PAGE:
Don’t get caught by waste crime:The new narcotics. 

In 2016, Sir James Bevan, Chief Executive of the Environment Agency (EA), referred to Waste Crime as, “the new narcotics”. 

Large-scale Waste Crime is as sophisticated and serious as any other type of organised crime, often having links with the trafficking of drugs and guns, theft, and tax evasion. With the EA and the National Crime Agency (NCA) knuckling down on all waste crime, ‘low-level’ or accidental, you could find yourself facing serious charges with some offences punishable by up to 5 years imprisonment.  

For individuals facing charges for the offence of Unauthorised or harmful deposit, treatment, or disposal etc of waste/Illegal discharges to air, land, and water, which is triable either way in both the Magistrates and the Crown Court, the penalty ranges from a conditional discharge to 5 years’ custody. 

For organisations charged with the same offence, the penalty fine ranges from £100 to £3,000,000 and with further aggravating factors, an unlimited fine may be imposed.  

See the below sentencing guidelines for further clarification: 

Types of Breaches: 

Illegal Waste Sites  

Across the UK, there are hundreds of sites which store or process waste illegally. In January 2020, a Defendant who had operated a waste recycling site without an environmental permit was ordered by Telford Magistrates Court to pay £4,500 in fines and a further £7,101.65 in prosecution costs.  


Another way in which profit from illegal waste is made is through providing a waste removal service, and subsequently dumping the waste shortly after receiving payment. In 2017, a man who spent a year collecting waste from people’s homes and fly-tipping it across Plymouth was sentenced to 20 months in prison.  

Burning & Burying  

Similar to dumping schemes, offenders will burn or bury the waste on isolated farmland after receiving payment for retrieving the waste. In April 2022, an illegal waste operator received a 20-month suspended sentence, a 12-week curfew, and an order for costs of over £18,000 after receiving significant financial gain from illegally burning waste. The owner of the land was also prosecuted for knowingly permitting the activity and was fined £2,666, as well as ordered to pay costs of over £18,000.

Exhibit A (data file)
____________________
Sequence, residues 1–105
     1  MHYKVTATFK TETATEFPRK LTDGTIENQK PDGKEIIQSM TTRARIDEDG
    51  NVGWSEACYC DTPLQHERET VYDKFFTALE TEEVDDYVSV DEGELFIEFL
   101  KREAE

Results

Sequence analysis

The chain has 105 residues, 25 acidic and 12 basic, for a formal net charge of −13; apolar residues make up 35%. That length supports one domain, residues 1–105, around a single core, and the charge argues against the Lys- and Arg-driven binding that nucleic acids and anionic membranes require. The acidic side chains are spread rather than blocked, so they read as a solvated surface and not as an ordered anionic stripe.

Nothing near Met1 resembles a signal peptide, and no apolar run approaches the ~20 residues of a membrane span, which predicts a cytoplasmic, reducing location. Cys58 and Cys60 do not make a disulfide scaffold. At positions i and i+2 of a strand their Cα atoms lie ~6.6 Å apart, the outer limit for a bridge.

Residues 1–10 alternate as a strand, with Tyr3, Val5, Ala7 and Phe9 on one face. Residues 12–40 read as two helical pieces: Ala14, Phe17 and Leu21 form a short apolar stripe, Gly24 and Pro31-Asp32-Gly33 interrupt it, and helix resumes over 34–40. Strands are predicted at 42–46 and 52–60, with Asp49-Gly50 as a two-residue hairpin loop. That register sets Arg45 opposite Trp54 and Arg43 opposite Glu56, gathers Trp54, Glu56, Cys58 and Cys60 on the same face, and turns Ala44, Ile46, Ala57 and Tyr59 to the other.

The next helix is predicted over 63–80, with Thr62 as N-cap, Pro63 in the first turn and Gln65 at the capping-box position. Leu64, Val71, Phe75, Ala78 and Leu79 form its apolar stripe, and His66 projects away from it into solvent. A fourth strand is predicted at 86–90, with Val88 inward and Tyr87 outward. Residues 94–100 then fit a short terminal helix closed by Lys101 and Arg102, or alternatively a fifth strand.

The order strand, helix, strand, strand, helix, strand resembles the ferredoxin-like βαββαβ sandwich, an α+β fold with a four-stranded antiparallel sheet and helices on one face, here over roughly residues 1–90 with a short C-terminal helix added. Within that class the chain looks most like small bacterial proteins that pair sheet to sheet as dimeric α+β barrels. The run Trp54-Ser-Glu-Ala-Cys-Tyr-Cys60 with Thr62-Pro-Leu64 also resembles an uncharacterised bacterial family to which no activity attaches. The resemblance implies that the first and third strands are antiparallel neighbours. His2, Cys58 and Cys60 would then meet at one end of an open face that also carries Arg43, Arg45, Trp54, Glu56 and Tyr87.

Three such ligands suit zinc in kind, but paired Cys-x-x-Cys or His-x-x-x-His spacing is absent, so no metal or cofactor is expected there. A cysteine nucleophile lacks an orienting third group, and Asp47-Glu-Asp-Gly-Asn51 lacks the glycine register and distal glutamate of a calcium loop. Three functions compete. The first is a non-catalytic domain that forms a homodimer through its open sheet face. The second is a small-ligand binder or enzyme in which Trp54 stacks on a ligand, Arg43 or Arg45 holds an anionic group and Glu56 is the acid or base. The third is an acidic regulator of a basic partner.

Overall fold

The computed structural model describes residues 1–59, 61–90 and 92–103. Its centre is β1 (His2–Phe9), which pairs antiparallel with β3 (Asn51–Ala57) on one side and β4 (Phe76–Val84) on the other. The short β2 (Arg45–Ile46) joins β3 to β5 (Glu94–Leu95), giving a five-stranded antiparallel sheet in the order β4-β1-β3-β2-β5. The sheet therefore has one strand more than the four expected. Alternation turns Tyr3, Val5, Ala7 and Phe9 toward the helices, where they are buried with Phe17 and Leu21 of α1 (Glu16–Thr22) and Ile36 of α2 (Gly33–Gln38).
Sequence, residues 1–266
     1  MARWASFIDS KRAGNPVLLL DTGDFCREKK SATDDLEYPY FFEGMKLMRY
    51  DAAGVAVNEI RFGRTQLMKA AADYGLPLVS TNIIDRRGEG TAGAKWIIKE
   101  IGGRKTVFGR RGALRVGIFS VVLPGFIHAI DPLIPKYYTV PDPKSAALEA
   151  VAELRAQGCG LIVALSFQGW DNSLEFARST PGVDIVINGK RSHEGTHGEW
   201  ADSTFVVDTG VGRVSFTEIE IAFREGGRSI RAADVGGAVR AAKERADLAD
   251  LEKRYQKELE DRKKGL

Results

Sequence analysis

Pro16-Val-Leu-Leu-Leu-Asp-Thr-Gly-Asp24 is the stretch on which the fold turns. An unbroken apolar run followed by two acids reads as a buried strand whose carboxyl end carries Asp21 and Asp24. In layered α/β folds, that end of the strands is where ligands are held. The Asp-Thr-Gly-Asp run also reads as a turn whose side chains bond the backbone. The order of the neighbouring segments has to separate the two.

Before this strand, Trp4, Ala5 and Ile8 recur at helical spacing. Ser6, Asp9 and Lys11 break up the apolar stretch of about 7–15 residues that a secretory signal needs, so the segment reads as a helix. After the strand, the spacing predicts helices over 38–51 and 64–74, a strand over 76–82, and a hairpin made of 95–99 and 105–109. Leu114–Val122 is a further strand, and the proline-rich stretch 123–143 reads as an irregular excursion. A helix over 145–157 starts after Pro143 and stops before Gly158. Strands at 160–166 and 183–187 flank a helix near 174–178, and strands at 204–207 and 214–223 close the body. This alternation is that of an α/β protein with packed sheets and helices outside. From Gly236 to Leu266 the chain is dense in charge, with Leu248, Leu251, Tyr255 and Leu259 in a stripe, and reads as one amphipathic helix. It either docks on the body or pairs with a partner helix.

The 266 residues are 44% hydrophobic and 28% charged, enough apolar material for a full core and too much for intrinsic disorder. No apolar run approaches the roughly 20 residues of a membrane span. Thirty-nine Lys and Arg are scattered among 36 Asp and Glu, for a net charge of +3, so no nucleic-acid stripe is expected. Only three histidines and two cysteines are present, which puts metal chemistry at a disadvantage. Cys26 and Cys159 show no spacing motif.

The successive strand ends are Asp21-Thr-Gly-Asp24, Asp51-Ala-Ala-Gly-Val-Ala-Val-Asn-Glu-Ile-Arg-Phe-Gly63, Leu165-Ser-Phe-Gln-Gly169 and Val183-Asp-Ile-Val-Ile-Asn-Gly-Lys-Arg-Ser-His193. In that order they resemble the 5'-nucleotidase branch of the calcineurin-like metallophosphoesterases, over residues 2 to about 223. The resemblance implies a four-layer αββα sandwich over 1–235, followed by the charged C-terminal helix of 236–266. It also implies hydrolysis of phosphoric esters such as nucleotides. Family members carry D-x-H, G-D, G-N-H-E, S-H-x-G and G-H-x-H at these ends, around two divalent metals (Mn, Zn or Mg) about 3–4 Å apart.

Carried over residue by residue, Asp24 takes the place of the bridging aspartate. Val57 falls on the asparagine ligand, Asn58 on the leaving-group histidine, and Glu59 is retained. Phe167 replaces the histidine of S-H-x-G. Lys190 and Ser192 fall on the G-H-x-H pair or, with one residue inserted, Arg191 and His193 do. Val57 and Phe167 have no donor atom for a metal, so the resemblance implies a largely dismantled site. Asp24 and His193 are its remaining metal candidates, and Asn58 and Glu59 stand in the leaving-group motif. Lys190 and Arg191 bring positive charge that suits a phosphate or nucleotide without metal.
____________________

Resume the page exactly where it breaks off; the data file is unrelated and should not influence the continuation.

Another profit tactic for waste disposable is the illegal misdescription of waste in order to pay a lower rate of tax. Materials which cause less pollution, attract a much lower tax rate, currently £3 per tonne, as opposed to the standard rate of £99 per tonne for materials causing a higher rate of pollution. In 2022, a former managing director of a waste firm was ordered to pay an £806,786.79 confiscation order after he engaged in waste misdescription to secure a lower rate of landfill tax. The Defendant also received a 15-month jail sentence for permitting illegal deposits of waste and 12 months for supplying false information in the subsequent investigation.  

Illegal Export 

Misdescribed materials are often illegally exported through the same means that ‘green waste’ is legally exported. Uncontaminated paper, cardboard, and some plastics are legally exported out of the UK for recycling. When hazardous or harmful waste is misdescribed and exported this way, the damage to people and the environment in the recipient country (often a developing country) is immense.  

What do you need to do? 

If you are:  

To avoid falling foul of the regulations, you need to: 

  • Check if your activity is covered by an exemption, which is free to register for and will last for 3 years 

If you conduct regulated activity and operate without the relevant permit, you will be breaking the law. For further regulatory advice contact Jess Jones at, or if you are facing investigation/prosecution, contact our Crime Department on 0151 281 9040.